Keshet is receiving the prestigious award for his ‘pioneering contribution’ to the understandings of excess and low oxygen on blood vessel growth, which has ‘far-reaching effects on the development of many diseases’
Prof. Eli Keshet
March 12, 2021
Prof. Eli Keshet is to be awarded the Israel Prize in life sciences this year for his contributions to the development of treatments for a wide range of diseases, Education Minister Yoav Gallant announced.
Keshet, a professor of molecular biology at the Hebrew University of Jerusalem’s medical school, was awarded the prestigious prize for his “pioneering contribution” to understanding the mechanism in which conditions of an oxygen shortage prompt the growth of new blood vessels. This process has “far-reaching effects on the development of many diseases such retinal diseases and cancer,” said the prize committee.
The prize jury, headed by biochemist Prof. Yosef Yarden of the Weizmann Institute of Science, said Keshet’s discoveries “led to the recognition that an excess of oxygen given in treating premature babies leads to their becoming blind, and has brought about a change in the treatment of premature babies after their birth.”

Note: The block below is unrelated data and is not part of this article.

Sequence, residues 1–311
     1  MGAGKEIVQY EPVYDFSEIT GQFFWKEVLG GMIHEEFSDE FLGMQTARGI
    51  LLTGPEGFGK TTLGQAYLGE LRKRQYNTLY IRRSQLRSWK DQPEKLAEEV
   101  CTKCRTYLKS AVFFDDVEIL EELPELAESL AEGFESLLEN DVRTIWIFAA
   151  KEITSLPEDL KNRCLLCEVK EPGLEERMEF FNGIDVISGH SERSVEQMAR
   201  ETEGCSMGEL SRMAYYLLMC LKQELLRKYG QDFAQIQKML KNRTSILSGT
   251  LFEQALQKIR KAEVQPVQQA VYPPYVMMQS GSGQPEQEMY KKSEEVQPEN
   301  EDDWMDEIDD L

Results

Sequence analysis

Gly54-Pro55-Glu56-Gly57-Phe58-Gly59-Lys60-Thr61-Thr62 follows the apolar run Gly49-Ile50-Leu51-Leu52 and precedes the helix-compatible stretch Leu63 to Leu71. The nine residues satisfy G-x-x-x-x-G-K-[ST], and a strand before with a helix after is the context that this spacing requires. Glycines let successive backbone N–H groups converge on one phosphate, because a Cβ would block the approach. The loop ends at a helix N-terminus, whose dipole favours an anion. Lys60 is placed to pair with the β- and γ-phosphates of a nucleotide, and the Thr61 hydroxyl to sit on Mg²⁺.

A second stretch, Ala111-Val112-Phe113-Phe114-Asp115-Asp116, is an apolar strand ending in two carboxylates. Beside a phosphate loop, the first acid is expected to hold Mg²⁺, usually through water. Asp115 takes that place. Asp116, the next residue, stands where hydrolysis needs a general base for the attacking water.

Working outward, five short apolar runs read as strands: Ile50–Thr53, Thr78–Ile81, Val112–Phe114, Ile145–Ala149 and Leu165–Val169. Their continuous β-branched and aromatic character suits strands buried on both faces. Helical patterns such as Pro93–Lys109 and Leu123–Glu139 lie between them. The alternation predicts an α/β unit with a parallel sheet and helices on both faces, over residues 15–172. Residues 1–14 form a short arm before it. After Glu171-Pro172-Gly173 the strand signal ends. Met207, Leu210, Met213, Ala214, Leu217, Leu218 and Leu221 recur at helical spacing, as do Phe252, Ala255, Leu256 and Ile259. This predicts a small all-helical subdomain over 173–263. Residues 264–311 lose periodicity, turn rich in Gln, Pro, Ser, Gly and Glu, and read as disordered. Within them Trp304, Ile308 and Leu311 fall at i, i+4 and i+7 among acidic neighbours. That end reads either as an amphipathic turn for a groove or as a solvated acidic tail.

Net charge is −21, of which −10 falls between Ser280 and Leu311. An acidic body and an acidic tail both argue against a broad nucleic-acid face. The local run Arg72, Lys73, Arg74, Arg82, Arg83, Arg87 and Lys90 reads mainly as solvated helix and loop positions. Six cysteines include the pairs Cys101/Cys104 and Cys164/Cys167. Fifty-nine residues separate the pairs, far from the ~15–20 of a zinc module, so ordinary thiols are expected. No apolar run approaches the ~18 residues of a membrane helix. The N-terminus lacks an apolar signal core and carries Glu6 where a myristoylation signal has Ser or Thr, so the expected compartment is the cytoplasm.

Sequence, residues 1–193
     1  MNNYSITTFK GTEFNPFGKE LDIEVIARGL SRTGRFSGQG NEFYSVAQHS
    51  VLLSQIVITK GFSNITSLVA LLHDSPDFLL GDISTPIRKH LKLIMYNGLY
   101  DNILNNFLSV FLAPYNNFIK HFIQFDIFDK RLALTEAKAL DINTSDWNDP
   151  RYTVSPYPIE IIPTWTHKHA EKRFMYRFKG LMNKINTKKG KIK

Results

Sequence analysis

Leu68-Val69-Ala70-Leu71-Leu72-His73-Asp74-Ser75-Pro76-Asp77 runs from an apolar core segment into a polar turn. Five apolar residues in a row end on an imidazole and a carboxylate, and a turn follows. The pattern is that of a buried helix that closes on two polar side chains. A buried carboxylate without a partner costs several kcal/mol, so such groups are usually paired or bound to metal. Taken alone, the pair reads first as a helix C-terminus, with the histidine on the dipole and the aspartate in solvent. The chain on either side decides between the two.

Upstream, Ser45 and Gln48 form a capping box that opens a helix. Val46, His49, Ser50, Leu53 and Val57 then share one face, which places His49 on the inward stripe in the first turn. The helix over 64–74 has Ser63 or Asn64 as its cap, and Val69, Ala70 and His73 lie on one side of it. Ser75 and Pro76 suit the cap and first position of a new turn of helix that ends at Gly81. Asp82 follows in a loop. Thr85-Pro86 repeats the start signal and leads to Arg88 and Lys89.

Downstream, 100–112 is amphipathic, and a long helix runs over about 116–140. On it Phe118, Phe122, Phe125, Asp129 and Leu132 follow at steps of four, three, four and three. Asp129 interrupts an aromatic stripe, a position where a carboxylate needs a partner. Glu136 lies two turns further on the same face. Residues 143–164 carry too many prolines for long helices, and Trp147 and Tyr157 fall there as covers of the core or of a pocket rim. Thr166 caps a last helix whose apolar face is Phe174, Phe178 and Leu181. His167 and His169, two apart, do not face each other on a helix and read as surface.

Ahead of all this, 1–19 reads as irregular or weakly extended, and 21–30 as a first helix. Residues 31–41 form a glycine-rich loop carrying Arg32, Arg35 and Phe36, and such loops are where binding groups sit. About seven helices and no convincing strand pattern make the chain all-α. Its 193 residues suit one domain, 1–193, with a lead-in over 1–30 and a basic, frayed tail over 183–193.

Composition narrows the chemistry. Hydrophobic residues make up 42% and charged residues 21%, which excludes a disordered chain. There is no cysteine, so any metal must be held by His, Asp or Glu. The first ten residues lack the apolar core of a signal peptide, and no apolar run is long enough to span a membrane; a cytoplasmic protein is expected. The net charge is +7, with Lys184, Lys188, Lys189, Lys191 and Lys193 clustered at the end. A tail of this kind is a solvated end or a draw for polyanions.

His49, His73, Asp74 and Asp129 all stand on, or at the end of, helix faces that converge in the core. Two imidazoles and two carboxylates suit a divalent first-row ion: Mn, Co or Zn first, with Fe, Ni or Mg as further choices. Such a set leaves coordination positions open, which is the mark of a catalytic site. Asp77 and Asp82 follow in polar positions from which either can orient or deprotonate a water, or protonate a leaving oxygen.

Keshet’s research has also led to the identification of the main factor responsible for the promotion of the growth of new blood vessels into cancerous growths, which has “contributed to the development of medications that delay the development of tumors,” said the committee.
Keshet was born in Israel in 1945 and studied biology at the Hebrew University. He did his doctorate between the years 1970 and 1975, and was appointed a professor in 1993.
His research into blood vessels began in 1991, and he has published more than 130 papers in journals which have been cited over 33,000 times.
Other awards he has won include the E.M.E.T award in 2006 for his research, the Rothschild Award in 2014, the Teva Founders Award in 2015, and the Benditt Meritorious Award for an American’s life-work in the study of blood vessels diseases, also in 2015.